The proposed traceability rule only exempts businesses that sell less than $25,000 annually in food and states that it might exempt those with 10 or fewer full-time employees.

In contrast, FDA defined “very small business” in the Preventive Controls Rule as those that sell less than $1 million in food annually. The Small Business Administration (SBA) classifies businesses that have fewer than 500 employees as “small” in the food manufacturing industry. The exemption in this proposed rule is ridiculously low when placed in context of our agricultural and food system.

The FDA should exempt businesses that sell less than $1 million in food annually, to make this rule consistent with the Preventive Controls Rule. Alternatively, or in addition, the agency should exempt businesses with 50 or fewer full-time employees (one-tenth the size of a “small business” in the food industry as classified by SBA).

Personalize and explain why this matters:
  • Are you a small food business with a short supply and distribution chain? Explain to FDA why this rule does not work for you.


3. Exempt foods that are “identity preserved” from farm to consumer, without requiring that individual items be in sealed packaging

FSMA specifically directed FDA to exempt “identity preserved” foods that are packaged on the farm and maintain their farm labeling all the way to the consumer. Unfortunately, in the proposed rule, the agency is proposing a very strict interpretation that effectively requires sealed plastic packaging.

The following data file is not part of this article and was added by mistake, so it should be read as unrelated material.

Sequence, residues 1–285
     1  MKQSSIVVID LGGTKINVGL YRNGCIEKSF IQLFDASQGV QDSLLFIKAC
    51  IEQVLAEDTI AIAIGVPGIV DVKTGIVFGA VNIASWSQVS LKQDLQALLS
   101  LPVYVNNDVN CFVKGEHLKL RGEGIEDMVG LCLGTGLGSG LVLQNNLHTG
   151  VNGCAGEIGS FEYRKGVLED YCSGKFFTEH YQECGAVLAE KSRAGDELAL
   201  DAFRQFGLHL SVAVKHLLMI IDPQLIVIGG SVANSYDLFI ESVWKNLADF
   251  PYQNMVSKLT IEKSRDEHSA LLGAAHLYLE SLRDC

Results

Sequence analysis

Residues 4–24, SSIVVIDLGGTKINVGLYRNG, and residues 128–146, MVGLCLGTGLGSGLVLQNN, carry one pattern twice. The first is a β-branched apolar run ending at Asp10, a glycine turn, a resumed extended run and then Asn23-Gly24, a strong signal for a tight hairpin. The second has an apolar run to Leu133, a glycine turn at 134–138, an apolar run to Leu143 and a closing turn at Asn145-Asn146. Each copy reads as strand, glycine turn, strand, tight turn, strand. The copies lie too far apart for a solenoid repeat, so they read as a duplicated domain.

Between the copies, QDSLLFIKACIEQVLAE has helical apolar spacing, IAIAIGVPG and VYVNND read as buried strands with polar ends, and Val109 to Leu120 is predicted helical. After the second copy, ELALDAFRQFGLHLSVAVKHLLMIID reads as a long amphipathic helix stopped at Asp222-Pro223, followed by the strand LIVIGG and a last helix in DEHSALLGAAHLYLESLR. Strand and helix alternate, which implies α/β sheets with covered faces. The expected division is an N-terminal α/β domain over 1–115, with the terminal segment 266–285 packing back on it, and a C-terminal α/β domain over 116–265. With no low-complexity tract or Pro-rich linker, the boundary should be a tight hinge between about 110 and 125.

The examples FDA provides on what packaging is acceptable for this exemption are expensive, resource intensive, and may not be possible for many farmers. For example, FDA recommends that to meet this exemption, farms individually wrap each cucumber in sealed plastic wrap, with the appropriate labeling.

This type of packaging is not only costly but creates concerns about waste and harmful environmental impact. So long as the products are traceable back to the farm through the label information, there should not be major concerns about the packaging requirements.

Personalize and explain why this matters:
  • Do you or the farmers that you purchase food from use more sustainable and safe containers like clamshells or vented crates? What packaging do you use? How much would it cost for you if you were to individually wrap each item in plastic?
  • Explain to FDA the financial and environmental impact this might create.
  • Explain to FDA what types of labels you use to ensure products are fully traceable to the farm.


4. Do not require electronic records or other technology